Objective: The chronic stress of caregiving may lead to sympathetic nervous system activation and immune suppression. beta(2)-adrenergic receptors are expressed on all immune cells and contribute to the stress-induced loss of immune-cell function. The authors examined the effects of being a spousal caregiver of a patient with Alzheimer disease (AD) on the lymphocyte beta(2)-adrenergic receptor.
Methods: One hundred and six women and men, spousal caregivers and non-caregivers, participated (mean age: 71.5 years). Caregivers were classified as either vulnerable or non-vulnerable on the basis of the amount of care required by the patient relative to the amount of respite the caregiver received during the previous 6 months. beta(2)-adrenergic receptor sensitivity (cyclic-AMP response to isoproterenol stimulation) and density (radioligand binding) were determined by use of whole lymphocytes.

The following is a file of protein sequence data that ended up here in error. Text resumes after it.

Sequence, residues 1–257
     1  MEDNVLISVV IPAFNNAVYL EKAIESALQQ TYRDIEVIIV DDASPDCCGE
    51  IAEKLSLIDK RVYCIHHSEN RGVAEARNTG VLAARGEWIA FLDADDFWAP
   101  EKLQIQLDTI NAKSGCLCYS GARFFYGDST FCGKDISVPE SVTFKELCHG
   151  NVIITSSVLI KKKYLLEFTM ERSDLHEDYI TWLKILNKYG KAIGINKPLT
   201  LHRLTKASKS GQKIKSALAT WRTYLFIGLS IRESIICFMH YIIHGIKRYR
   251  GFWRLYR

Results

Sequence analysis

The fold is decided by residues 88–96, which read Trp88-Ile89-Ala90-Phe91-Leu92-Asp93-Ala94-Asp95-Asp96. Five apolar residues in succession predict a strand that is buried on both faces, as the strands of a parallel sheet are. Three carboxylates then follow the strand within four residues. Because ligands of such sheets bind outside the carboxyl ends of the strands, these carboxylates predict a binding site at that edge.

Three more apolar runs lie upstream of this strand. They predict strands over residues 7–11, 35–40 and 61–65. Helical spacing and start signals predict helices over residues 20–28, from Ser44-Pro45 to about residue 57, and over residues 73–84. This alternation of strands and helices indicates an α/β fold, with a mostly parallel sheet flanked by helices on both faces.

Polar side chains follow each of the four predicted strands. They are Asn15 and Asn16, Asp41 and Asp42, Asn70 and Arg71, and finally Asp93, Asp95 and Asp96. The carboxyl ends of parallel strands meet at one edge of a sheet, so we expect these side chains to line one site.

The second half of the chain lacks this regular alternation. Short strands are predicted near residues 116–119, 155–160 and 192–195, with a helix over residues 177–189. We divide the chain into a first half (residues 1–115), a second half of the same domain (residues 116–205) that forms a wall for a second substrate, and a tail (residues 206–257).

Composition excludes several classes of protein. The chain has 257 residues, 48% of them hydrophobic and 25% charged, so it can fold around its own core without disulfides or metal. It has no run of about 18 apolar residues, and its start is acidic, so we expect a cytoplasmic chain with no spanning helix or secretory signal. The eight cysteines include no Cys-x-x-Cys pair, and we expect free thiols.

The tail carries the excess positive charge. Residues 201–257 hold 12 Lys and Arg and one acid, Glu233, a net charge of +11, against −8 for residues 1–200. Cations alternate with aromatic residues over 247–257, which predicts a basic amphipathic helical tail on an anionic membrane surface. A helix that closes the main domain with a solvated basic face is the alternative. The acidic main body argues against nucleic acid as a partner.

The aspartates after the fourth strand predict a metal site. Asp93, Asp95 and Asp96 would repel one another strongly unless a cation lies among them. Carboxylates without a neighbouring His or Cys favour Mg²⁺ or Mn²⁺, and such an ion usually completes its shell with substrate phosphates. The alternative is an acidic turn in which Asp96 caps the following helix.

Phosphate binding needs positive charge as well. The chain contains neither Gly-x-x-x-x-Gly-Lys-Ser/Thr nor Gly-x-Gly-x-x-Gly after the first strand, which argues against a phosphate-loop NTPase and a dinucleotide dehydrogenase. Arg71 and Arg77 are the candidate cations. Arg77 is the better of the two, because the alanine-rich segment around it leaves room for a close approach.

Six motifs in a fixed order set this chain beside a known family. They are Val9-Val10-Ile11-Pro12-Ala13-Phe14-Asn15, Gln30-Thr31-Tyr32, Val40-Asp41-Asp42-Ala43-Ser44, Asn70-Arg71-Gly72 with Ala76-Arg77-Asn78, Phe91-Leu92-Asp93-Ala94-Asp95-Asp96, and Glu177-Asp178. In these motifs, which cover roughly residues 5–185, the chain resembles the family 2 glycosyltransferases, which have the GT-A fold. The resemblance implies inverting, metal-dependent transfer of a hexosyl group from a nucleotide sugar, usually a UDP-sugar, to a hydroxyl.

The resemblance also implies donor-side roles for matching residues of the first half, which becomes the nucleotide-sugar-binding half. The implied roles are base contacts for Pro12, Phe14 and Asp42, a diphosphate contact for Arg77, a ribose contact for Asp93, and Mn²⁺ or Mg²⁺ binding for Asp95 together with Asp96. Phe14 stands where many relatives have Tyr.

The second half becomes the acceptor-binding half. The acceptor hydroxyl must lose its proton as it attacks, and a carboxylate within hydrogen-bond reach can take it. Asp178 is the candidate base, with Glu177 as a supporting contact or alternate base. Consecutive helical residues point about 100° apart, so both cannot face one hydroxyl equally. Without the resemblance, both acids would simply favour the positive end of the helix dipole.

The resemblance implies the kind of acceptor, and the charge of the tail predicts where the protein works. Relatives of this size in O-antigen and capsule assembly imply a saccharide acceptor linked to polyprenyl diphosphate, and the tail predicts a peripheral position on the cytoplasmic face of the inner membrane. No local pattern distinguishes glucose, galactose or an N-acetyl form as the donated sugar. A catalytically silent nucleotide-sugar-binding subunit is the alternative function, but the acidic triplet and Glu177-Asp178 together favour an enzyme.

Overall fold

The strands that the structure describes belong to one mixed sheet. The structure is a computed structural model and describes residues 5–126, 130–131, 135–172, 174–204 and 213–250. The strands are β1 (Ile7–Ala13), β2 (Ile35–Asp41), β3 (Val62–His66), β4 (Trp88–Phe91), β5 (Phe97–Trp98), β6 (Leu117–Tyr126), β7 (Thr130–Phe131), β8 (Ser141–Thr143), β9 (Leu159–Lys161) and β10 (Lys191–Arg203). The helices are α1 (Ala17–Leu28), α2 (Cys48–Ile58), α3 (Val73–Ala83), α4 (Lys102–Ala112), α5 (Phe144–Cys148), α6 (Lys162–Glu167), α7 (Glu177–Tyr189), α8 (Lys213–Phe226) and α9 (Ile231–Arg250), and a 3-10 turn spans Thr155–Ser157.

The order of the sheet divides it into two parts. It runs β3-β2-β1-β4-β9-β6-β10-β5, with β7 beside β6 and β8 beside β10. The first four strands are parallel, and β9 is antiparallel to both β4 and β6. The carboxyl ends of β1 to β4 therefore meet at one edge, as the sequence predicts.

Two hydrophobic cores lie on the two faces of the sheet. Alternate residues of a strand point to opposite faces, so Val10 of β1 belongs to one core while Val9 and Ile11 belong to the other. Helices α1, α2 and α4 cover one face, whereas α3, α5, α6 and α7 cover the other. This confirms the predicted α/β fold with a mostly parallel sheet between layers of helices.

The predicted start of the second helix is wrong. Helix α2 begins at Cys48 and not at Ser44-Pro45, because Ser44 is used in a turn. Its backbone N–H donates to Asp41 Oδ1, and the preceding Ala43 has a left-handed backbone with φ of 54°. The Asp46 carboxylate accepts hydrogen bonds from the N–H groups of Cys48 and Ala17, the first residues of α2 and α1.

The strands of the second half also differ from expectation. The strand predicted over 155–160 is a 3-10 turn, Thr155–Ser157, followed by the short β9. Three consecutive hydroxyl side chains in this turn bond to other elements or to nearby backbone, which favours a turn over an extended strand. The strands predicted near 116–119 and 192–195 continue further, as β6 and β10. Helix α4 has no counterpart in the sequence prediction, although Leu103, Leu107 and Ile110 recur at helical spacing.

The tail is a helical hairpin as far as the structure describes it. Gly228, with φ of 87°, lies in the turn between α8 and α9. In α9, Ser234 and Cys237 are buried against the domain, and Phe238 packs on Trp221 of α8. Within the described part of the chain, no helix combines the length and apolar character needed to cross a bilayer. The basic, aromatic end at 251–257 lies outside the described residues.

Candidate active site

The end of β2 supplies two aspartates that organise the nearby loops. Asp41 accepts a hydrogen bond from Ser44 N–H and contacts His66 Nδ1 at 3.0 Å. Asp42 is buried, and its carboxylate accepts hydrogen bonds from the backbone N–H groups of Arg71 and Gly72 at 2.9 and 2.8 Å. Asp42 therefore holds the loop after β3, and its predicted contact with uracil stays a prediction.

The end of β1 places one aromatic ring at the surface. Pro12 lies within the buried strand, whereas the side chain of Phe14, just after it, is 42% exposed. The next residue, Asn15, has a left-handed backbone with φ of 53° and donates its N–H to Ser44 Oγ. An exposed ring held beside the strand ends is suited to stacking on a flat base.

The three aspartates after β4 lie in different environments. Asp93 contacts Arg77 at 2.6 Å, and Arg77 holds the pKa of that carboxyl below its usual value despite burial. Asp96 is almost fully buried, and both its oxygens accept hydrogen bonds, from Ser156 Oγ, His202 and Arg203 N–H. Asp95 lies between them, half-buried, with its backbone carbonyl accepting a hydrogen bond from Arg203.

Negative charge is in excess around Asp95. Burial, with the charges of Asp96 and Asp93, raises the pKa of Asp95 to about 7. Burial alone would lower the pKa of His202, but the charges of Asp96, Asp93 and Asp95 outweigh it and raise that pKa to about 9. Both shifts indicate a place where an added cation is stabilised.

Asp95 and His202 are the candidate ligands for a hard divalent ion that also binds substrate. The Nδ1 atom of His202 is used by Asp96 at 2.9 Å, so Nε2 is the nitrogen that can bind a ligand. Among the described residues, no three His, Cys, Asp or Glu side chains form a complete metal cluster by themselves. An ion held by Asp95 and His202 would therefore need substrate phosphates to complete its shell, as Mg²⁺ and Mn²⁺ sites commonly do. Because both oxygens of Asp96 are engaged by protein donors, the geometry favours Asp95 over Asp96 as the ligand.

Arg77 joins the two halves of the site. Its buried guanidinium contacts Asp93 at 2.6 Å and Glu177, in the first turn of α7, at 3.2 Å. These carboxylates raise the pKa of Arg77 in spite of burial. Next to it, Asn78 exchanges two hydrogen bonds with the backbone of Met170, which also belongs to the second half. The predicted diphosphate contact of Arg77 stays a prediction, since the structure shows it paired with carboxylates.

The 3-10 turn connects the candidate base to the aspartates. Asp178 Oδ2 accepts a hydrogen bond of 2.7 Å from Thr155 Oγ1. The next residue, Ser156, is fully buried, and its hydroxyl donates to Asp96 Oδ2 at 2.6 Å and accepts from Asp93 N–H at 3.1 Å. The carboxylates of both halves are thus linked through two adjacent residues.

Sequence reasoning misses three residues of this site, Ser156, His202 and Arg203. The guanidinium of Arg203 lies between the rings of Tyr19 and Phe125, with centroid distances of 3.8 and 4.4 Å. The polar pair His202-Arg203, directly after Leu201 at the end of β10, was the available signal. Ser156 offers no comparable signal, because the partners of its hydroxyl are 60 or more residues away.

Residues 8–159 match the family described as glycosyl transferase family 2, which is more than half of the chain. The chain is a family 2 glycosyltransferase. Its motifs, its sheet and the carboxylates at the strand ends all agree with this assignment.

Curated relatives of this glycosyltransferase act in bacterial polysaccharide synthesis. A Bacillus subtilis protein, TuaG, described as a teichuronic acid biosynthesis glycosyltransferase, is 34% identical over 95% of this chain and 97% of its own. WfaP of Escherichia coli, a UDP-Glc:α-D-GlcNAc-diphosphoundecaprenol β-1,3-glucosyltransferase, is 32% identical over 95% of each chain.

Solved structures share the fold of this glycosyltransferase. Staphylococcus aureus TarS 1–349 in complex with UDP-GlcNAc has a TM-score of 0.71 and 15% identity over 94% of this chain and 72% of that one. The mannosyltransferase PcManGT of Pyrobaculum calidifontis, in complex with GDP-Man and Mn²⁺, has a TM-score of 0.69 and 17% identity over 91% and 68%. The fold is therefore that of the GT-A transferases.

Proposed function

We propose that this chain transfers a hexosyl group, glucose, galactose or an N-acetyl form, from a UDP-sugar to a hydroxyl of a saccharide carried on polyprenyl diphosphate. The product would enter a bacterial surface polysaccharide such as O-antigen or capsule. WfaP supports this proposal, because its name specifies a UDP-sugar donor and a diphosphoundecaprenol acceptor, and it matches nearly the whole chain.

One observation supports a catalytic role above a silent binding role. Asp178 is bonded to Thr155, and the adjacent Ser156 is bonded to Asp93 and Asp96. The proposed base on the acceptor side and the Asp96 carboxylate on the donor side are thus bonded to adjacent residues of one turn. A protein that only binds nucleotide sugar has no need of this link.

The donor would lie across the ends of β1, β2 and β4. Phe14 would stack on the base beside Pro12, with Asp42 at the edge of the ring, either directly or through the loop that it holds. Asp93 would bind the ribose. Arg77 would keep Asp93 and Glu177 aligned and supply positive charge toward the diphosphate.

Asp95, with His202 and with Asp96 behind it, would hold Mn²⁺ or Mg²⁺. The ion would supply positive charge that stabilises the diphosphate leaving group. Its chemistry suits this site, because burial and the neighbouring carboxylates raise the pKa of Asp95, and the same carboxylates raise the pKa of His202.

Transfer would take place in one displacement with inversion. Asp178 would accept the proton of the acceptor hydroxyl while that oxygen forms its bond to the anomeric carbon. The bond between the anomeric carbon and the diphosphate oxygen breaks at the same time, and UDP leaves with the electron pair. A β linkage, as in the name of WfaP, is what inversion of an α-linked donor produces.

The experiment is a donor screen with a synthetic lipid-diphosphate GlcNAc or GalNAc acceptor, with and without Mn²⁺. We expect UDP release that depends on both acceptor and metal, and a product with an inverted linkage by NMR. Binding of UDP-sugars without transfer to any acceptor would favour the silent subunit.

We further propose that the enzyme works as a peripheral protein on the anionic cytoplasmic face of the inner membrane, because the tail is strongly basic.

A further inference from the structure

Results: Vulnerable caregivers had reduced beta(2)-adrenergic receptor sensitivity and density when compared with their non-vulnerable counterparts or with non-caregivers.
Conclusion: The findings indicate that for more vulnerable caregivers, the stress of caregiving leads to a loss of lymphocyte beta(2)-adrenergic receptors. This finding may be relevant to previous observations of clinically-relevant reduced immunity in highly stressed caregivers of AD patients.